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All comments by Michael Rosenberg
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Which is the option that says one would respond 1N on all possible hands?
Jan. 1, 2015
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Even if not playing constructive raises, I think it makes sense to bid 1N with the lighter hands and 2S with the better ones. Given the conditions, I'd bid 2 with the A or K and 1N with less. I'd never pass. I don't think there is a poll option for that - or rather I'd need two (nos. 3 and 10).
Jan. 1, 2015
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Nat:

No, it would obviously not be reasonable to specifically mention everything that has ever happened (as you well know). But it would be “fair” to say something general that would put the opponents in a position to have a better idea of what partner might have. Perhaps throwing in (where you have knowledge) a couple of specific examples. The idea is to bring them a little closer to your knowledge of partner's predilections. That's “fair”.

Kit:

To deal with your “First”, I was going by your words “In fact, I would not open a weak 2 on that hand.” I guess I should have written “Kit wrote….”
To deal with your “Secondly” partner can say whatever he knows based on his experience of your words and actions. For example, if I (who have never played with you before) partnered you, I could now say, “based on what Kit has said, I think he's far more likely to have an 8-loser hand than a 5-loser hand.
To deal with your ”Third“ (where you changed your previous stance), your partner (if he read that) could say, you wouldn't normally open such a hand, but it's possible since you are not robotic. But you'd be more likely to hold the 8-loser hand.

You seem to have taken the position that this whole ‘style’ issue is, in a general sense, ‘impossible’. I agree it's difficult. I agree it's ‘impossible’ to give a PERFECT explanation.
However, I totally disagree that there is always nothing that can be done in this area. Saying ”could easily be a 5-card suit and is more likely to be when non-vulnerable“ is woefully incomplete for someone who knows their partner well. One could say (hypothetically - I'm not talking about you) ”he's really random and flaky - both in terms of high cards and suit quality“ or ”I've never seen him do it without a good suit“ or ”very wide range - I can only guess what he has“

The point is to say something short that gives the opponents some idea of what you know. If you truly don't know anything, that's fine.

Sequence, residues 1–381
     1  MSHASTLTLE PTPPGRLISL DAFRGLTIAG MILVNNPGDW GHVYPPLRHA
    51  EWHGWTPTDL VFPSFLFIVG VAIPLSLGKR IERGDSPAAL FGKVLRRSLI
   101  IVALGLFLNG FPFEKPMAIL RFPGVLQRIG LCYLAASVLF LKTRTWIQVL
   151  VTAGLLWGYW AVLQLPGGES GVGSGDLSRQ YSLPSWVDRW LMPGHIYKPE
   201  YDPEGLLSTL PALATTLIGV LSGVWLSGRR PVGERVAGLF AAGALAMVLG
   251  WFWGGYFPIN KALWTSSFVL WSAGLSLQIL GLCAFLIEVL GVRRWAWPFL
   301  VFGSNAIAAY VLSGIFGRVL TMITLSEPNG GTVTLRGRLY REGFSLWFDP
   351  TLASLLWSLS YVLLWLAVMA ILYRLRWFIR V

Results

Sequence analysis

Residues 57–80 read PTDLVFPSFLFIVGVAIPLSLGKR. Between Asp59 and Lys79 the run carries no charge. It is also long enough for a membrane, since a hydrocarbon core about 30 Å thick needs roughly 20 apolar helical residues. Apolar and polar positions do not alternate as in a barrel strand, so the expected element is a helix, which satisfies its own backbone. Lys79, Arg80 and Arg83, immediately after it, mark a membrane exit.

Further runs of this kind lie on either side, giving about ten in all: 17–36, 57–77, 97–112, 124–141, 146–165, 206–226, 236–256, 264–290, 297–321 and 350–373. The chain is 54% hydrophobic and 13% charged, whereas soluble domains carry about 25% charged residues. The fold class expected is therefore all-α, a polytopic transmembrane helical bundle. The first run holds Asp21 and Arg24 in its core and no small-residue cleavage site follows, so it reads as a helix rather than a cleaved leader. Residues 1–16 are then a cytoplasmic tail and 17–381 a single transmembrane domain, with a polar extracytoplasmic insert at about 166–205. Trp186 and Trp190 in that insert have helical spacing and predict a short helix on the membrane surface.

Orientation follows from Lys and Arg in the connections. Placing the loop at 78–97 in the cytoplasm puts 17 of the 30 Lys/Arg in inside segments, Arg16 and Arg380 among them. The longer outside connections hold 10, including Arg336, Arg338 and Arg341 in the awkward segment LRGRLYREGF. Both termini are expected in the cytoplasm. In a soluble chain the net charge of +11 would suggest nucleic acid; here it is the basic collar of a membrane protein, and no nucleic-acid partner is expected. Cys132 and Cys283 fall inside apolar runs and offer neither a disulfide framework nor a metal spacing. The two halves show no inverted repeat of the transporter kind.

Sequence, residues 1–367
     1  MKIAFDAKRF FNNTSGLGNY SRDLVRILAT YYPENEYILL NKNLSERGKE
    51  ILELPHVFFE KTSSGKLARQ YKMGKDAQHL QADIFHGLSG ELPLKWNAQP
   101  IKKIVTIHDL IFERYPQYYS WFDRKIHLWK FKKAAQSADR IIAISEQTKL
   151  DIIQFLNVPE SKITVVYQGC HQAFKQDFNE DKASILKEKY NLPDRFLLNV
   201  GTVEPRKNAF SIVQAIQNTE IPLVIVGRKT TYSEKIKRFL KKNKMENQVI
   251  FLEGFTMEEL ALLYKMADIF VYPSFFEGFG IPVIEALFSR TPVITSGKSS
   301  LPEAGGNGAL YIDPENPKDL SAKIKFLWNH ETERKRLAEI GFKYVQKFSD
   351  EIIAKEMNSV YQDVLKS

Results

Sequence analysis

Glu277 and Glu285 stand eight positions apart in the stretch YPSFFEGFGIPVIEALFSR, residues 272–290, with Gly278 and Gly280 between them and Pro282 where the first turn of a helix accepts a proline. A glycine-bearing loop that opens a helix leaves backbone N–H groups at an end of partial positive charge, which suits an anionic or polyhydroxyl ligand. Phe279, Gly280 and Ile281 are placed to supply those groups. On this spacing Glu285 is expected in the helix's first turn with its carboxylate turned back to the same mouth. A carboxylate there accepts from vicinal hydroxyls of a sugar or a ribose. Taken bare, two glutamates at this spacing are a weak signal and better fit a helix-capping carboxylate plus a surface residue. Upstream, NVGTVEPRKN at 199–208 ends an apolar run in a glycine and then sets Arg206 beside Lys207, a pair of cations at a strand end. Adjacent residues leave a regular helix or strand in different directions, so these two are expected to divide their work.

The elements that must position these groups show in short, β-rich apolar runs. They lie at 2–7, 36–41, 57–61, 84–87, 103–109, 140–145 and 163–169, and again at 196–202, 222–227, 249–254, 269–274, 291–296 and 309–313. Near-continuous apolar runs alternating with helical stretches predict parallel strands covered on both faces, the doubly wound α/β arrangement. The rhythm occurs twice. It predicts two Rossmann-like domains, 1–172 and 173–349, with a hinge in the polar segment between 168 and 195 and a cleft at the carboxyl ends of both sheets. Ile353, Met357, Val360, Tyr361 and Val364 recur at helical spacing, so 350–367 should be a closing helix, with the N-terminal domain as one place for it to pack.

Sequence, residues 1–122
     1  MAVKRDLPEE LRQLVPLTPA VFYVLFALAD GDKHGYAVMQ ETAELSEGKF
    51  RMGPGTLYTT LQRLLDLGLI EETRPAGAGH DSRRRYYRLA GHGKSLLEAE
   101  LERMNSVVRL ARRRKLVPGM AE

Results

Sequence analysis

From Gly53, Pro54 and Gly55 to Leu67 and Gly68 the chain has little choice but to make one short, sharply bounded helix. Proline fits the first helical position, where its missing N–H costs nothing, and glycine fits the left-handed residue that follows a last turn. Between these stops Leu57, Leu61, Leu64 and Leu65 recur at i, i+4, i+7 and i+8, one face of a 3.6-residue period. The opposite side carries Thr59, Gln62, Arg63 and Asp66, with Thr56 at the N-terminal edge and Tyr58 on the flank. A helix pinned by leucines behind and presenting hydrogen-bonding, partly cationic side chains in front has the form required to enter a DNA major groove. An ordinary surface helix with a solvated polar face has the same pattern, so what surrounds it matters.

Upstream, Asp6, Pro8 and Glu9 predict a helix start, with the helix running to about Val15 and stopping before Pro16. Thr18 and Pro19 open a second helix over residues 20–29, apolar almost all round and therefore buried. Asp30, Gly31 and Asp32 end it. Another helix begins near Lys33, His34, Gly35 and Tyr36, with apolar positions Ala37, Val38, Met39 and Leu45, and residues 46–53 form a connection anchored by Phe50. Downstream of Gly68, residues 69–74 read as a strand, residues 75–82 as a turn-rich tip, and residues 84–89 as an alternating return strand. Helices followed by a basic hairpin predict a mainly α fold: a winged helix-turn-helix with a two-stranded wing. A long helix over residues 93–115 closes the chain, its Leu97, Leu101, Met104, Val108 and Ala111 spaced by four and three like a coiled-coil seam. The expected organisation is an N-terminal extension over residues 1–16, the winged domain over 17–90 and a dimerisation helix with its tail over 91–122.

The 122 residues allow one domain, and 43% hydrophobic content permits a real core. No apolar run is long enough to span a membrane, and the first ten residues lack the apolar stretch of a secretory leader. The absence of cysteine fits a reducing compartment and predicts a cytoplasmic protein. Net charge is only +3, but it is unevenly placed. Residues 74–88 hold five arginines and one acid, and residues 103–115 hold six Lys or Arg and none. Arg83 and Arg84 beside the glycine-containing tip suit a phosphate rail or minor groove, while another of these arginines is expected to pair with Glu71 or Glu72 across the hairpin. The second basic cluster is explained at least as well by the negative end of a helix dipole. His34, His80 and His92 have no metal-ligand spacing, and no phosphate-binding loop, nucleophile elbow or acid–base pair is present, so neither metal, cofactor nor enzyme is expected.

To not make this effort because it is difficult is, as Joshua
says above, a ”cop-out“.
To not make this effort because you want to gain an advantage by concealing information from the opponents is unethical.
Knowing you to be extremely ethical, I know you belong to the ”difficult" faction.

The goal is to put the opponents in the same position as your partner. Yes, I know it can't be done perfectly. But that doesn't mean the effort should not be made to make things a little fairer.
And yes, I know this ‘punishes’ those partnerships who are honest and forthcoming, and rewards those who are overly reticent (bad) or deliberately misleading (worse). Bridge is like life.
Jan. 1, 2015
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Kit:

Your partner could say "Kit would not open a weak 2 on x AKQ10x xx 10xxxx . But give him, say, xx KQ10xx xx 10xxx and he would open a weak 2.

Wouldn't that put the opponents closer to the knopwledge of your partner - and consequently be more fair?
Jan. 1, 2015
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My favorite also…
Dec. 27, 2014
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Often. But I've also often been able to switch at trick 2 because I know partner has only 4 (or, sometimes, only 5).
Also, I have known they DON'T have a 5-card suit (because they led high).

Attitude leads make things more difficult for everyone. I like to say I hate playing them, and also hate playing against them.

Of course, Slavinski leads (if that's the right name) are even tougher…on everybody.
Dec. 27, 2014
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Bernard (and similarly to Joshua, below):

I agree you will open 6 more often than I. But for these ‘almost never’ bids, i'd rather be on firm ground.
In your example of AKQJ AJ10xxxxxx, I'd worry we belong in spades. The bidding might begin 1(2m)-2, and now maybe we can get to 7. Not too difficult to construct 7 making with SIX hearts down. Believe it or not, it's even possible to construct 7 making and you misguess and go down in FOUR hearts!

If I open 1 I am not precluded from bidding 6 later. Yes, I understand that opponents are more ‘secure’ against my 6 opening. And that letting the opponents get together might work out badly. But it also might work out well. Meanwhile, there is a ‘chunk’ of hands where (a) we belong in spades or (b) partner misjudges after 6 opening (failing to bid grand).

I'm not saying your approach (or Joshua's) is inferior. as I said, I think it's a matter of personal philosophy. When I have one of these freaks, I focus on getting to our best contract.
Dec. 24, 2014